This is a late 19th century cabinet card of a young girl with a barrel purse. This example, which is more elaborately beaded, is in the high style of raised beadwork that is usually attributed to the Mohawk. A similar barrel purse is shown beside the image.

These are two circa 1860 ambrotypes. The young ladies are holding examples of  a Niagara floral style beaded bag. More on the Niagara Floral Style

The two bags below the images are similar to those depicted in the photographs and date to the same period.

This is a circa 1850 daguerreotype and the young lady is holding an Iroquois bag with a heart motif.
More on Iroquois Bags with a Heart Motif

The bag directly below this photograph is similar to the one in the image.

In this circa 1850 daguerreotype the lady is holding a very rare type of Huron purse that was made from birchbark and decorated with dyed moosehair. Stylistically, it is similar to the one illustrated below the image.
The one in red is decorated on wool cloth and similarly decorated in moosehair. It is in the collection of the Horniman Museum in London and it was illustrated in Trading Identities: The Souvenir in Native North American Art from the Northeast, 1700-1900, plate 15 by Ruth Phillips.

In this circa 1910 real photo postcard the woman on the left is holding a purse with an animal motif. The beading style suggests the piece is Mohawk.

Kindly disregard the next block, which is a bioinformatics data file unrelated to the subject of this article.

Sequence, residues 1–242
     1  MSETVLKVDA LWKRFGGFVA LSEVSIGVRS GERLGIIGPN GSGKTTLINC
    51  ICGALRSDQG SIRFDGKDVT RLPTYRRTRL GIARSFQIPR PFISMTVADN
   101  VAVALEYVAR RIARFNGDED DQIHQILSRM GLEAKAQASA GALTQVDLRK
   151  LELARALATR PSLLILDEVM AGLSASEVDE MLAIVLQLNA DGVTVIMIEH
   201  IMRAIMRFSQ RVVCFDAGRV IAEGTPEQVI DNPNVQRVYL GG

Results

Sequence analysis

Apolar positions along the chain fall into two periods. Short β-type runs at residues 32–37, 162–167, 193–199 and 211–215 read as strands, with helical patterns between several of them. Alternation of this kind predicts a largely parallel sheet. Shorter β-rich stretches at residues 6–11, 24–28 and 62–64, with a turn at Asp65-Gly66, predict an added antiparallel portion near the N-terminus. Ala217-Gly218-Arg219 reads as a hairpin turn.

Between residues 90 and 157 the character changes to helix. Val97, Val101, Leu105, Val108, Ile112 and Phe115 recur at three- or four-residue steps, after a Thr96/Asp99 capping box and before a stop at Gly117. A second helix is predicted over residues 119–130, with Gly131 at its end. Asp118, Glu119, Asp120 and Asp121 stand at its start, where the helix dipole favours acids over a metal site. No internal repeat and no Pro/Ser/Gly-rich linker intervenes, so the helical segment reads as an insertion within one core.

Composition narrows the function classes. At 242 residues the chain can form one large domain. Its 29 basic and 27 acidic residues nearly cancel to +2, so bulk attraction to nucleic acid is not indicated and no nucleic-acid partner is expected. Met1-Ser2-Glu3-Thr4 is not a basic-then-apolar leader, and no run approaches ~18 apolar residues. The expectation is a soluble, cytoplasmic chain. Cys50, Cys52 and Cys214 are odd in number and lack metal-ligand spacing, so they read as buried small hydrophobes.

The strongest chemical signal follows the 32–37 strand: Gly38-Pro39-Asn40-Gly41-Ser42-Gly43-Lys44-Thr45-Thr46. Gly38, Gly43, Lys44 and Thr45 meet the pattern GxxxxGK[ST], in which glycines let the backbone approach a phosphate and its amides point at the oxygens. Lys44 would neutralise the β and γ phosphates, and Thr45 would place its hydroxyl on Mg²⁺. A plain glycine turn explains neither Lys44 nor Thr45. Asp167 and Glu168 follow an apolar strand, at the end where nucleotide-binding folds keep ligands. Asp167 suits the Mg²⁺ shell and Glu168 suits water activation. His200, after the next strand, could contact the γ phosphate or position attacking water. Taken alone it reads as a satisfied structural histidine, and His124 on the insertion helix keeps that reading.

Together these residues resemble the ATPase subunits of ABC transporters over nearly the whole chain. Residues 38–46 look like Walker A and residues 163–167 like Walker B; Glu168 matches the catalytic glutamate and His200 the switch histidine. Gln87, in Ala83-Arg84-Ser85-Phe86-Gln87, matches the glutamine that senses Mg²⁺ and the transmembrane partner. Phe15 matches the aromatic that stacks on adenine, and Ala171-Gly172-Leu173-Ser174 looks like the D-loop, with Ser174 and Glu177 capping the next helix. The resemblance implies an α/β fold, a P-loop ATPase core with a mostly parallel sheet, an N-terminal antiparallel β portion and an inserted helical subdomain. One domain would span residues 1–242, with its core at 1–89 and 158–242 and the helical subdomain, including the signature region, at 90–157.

In this circa 1920 photograph the young girl is holding the very  purse that is illustrated on the right. This piece is Tuscarora.


Non-Native women, especially those of lower socioeconomic classes, regarded the beadwork that Iroquois artists produced as having cultural and aesthetic value and also as important signifiers that they associated with the elite and upper classes. Studio sessions, especially those with small town photographers, were affordable to most in the middle class as the literally millions of old images that have survived will testify. Beaded items made by Iroquois women were cherished items and they added charm to a photograph that would otherwise be a commonplace image. In so doing, the sitter acknowledged the sense of self that they associated with the beadwork and their appreciation of the art form.